Right Vision – Eye-box Max review

dog-shaped network server
Photo of Right Vision – Eye-box Max
£730 + VAT for basic model

It’s hard to take a server seriously when it’s shaped like a small metal puppy. However, lurking beneath the canine cover of the quirky Eye-box Max from Right Vision is a reasonably well specified server appliance designed to meet the networking needs of a small business.

Strip away the outer casing and inside the Eye-box Max you find a standard Intel motherboard with a 933MHZ Pentium III processor and 512MB of memory. This runs an implementation of Linux with, on the base model, a single 30GB ATA hard disk providing the necessary storage space. Alternatively it’s possible to specify a pair of mirrored 40GB drives, although these should be specified up front as getting into the case to upgrade the hardware is far from easy.

On the communications side an integrated four port, 10/100Mbps Ethernet switch provides for LAN connectivity, with an 11Mbps wireless interface offered as an option. There’s also a separate Ethernet port for attachment of an Internet router, with the option of specifying an internal ISDN or ADSL modem instead, the server itself then acting as a router to share the Internet connection. And lastly, there’s a parallel port and two USB connectors which can be used to attach printers to be shared on the network.

Initial configuration is done via the LCD panel which makes up Max’s head, although for the most part you manage the Eye-box from a Web browser. Unfortunately the dog motif is carried on in the management interface with animated puppies all over the place. Not to everyone’s taste, but we found it reasonably straightforward and if you want to try it for yourself you can do so via the vendor’s Web site.

A wizard guides you through the initial setup with all the usual features you’d expect on a small business server. To begin with there’s file and printer sharing for Windows, Linux and Apple users, plus a full SMTP mail server that supports POP3 and IMAP4 access using standard client software such as Outlook Express or Eudora. DHCP and DNS servers are also included along with a packet filtering firewall for Internet security that also provides Network Address Translation (NAT).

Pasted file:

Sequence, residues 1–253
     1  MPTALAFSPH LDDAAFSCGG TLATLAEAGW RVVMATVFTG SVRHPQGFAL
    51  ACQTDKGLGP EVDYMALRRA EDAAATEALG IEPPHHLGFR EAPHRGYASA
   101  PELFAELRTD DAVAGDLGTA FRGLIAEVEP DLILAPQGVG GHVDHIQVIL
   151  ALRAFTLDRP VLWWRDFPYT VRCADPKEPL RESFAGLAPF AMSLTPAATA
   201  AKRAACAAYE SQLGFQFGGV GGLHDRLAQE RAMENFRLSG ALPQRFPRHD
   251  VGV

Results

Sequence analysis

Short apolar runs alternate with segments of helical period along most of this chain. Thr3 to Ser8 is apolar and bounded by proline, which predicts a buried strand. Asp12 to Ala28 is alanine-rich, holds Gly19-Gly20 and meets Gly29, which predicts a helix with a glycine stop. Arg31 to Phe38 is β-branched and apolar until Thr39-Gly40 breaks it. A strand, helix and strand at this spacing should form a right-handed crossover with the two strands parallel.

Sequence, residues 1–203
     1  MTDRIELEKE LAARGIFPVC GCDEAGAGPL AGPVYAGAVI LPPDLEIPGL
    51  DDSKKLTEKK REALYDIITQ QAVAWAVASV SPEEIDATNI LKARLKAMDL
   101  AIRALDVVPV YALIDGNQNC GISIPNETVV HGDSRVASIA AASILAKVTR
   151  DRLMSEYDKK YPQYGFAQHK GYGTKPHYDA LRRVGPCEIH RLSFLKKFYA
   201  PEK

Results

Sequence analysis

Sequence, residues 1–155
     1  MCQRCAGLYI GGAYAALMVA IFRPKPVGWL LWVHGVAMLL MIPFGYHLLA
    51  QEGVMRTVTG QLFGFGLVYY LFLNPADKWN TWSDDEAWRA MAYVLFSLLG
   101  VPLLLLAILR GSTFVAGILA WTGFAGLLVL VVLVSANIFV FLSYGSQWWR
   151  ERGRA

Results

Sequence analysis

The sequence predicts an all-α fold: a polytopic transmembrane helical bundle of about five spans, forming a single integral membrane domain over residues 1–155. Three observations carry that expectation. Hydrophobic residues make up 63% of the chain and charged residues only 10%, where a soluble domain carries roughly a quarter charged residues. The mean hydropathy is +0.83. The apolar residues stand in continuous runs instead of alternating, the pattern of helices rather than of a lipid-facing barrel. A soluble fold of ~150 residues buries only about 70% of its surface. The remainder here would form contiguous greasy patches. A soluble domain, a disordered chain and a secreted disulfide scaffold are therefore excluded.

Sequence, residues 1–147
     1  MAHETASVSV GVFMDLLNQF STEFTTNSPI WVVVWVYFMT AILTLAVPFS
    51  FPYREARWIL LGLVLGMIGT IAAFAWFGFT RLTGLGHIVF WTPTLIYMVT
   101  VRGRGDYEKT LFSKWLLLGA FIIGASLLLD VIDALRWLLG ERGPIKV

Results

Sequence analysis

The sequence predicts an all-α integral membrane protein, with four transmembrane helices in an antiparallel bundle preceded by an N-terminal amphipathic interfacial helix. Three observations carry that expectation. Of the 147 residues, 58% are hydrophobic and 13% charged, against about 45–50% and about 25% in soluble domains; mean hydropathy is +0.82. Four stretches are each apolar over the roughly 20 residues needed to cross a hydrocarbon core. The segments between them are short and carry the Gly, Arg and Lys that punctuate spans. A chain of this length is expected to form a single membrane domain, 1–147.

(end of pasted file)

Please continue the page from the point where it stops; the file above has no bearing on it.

An FTP server is another option, plus Max can be used to host multiple intranet or public Internet Web sites using the ever popular Apache Web server software. Added to which there’s a Virtual Desk facility giving local and remote users access to their files, e-mail, and contact lists via an SSL-protected browser interface.

Aimed at businesses with up to 25 users, the Eye-box Max is quick and easy to deploy and certainly meets most of the needs of such companies. It’s just a matter of whether you can live with all the dog motifs, with lots of alternatives available offering the same functionality in a more conventional format.

Company: Right Vision

Contact: 01923 245151

This Linux-based appliance provides much of the hardware and software needed to support a small business network. Integrated LAN and WAN interfaces can be specified, plus you get file sharing, e-mail and a Web server as standard. The dog-shaped casing, though, could be a turn-off for some, with plenty of more conventional alternatives available for those in a market for this kind of product.